I use this system for my entire market garden. It works really well and saves me a ton of time while watering efficiently and slowly.
Common Problems you might face with your garlic
There are a few common problems that almost every grower faces with growing garlic. I’m going to briefly discus them here but they each deserve their own blog post. I have so much to say and so many recommendations for solving each of these problems! As time and need allows me, I will be writing more blog posts specifically on these topics and linking back to this post. Just promise you’ll stay with me – I’ll give you the best information I can for your success!
The first is yellowing leaves. The reasons for these are very seasonal:
- Late Winter/Early Spring: Frost damage or minor nutrient deficiency.
- Later Spring (April/May): Disease or water/nutrient deficiency.
- Late season: Plant is maturing possibly earlier than normal.
The second is pests. We have dealt with a lot of these same pests in our other garden crops. Here are the ones that could mostly be bugging your garlic:
- Onion Thrips
- Army Worms
If it’s not insects destroying your crop, it’s a disease. And since garlic is a root crop, you’re going to be dealing with rotting below the soil most likely. Here’s some examples:
- Yellow Dwarf Virus
- Neck Rot
- Pink Root
- Penicillium Mold
- Basal Rot
- White Rot
Again, I have so much information to share with you about these problems and will be creating more content as time allows me to. In the mean time, if you want to know more, you can always google (the name of the problem.edu) and find other quality sources and solutions on these topics. Another great way to solve these problems is to talk to your local expert, grower or Extension Agent.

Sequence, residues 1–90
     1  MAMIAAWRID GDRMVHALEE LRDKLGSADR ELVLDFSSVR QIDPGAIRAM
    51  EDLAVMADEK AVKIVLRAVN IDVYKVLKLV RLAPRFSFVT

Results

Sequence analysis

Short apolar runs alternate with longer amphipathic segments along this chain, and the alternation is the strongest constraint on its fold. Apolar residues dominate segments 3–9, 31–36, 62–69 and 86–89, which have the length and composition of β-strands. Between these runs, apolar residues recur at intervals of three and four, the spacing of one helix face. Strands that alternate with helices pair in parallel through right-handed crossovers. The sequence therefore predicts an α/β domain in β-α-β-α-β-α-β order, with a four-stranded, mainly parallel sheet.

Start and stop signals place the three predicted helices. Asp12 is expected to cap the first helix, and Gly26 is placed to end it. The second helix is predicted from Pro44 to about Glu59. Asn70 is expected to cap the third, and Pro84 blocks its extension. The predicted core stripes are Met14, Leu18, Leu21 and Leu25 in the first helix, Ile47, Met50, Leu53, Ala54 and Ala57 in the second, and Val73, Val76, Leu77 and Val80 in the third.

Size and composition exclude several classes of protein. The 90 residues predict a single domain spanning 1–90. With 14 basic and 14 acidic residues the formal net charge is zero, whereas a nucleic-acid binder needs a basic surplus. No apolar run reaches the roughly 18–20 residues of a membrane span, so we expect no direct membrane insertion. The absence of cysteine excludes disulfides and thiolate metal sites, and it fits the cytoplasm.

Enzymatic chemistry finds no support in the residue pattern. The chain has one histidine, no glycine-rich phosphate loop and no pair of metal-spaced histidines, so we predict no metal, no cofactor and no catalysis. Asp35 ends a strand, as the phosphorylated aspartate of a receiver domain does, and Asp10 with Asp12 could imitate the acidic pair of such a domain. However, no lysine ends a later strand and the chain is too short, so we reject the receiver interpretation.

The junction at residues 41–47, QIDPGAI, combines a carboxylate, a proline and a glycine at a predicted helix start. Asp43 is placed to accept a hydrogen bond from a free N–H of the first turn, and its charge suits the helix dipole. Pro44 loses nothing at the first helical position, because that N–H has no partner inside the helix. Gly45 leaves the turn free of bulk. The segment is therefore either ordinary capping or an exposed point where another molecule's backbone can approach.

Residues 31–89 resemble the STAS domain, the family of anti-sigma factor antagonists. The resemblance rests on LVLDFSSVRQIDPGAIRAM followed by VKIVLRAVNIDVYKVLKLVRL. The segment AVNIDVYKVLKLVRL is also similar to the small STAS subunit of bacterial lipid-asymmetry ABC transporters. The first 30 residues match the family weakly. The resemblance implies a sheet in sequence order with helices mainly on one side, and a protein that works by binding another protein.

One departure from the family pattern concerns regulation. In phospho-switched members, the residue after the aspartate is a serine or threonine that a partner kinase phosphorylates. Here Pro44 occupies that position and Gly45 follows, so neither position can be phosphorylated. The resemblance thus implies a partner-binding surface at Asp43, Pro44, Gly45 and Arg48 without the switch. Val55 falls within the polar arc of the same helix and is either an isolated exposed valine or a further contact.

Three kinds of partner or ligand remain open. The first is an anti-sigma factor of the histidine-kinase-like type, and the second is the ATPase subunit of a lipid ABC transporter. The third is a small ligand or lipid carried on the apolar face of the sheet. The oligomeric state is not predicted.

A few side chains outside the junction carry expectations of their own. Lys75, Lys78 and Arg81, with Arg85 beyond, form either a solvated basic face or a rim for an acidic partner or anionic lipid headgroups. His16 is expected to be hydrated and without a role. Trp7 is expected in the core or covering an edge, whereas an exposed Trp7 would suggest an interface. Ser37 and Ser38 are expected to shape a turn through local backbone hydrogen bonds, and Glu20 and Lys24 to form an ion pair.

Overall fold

Harvesting & Storing Garlic
Garlic is typically harvested in mid-June to July when the leaves start to brown. Stop watering garlic two weeks before you plan to harvest so that the soil is loose and plants pull up easily.
In late spring, hard neck garlic plants will produce a round stem with a seed pod on the end. Cut these seed scapes off as soon as you see them, as they put the plant’s resources into making seeds instead of making a big garlic bulb. The seed scapes are edible – use in place of garlic in recipes such as stir-fry, salsa and pesto.
Watch for browning or yellowish leaves as an indication that garlic is ready for harvesting. Test dig when the lower 1/3 of the foliage is yellow. If the cloves have segmented, it is time to harvest. If they haven’t segmented, wait another week or two.
Then, pull up the entire plant, then tie several plants together to form bunches. Some gardeners braid the plant’s leaves together for a more appealing look. Then hang the bunches in a cool, dry, and well-ventilated place, and pull bulbs off as needed. Garlic keeps well for up to six months in a cool place.
What are the health benefits of garlic?
Garlic makes a wonderful addition to sauces, stews and soups. Bake a whole bulb in the oven for a spread on toast or crackers. Besides using garlic in cooking, some gardeners plant garlic to keep deer and squirrels out of their gardens and flowerbeds.
So, how healthy is garlic? Well, for starters, it is low calorie and is known to reduce blood pressure and cholesterol. It contains lots of vitamins that you wouldn’t normally get with other food.
Foods and recipes rich in garlic is great if you’re sick with a cold or flu because it contains great antioxidants.
These are just a few health benefits that we can all enjoy with garlic. Now, you know how easy it is to grow so you can have your own all year around.
YOU can Plant Your Own Garlic!
We’ve gone over a lot of info here. Let me summarize the main keys to management:
- Proactively manage soil.
- Proper Moisture with controlled waterings as needed and well-drained soil.
- Nutrients through fertilizer as needed.
- Weed control with mulching or hand weeding. along with the amounts of sunlight and air you receive.
These are all the tips I give to anyone and everyone who asks me how I grow my garlic. I love helping others learn to grow their own food. I hope this has been helpful to you and that you’re well on your way to growing your own garlic!
~ Much Love ~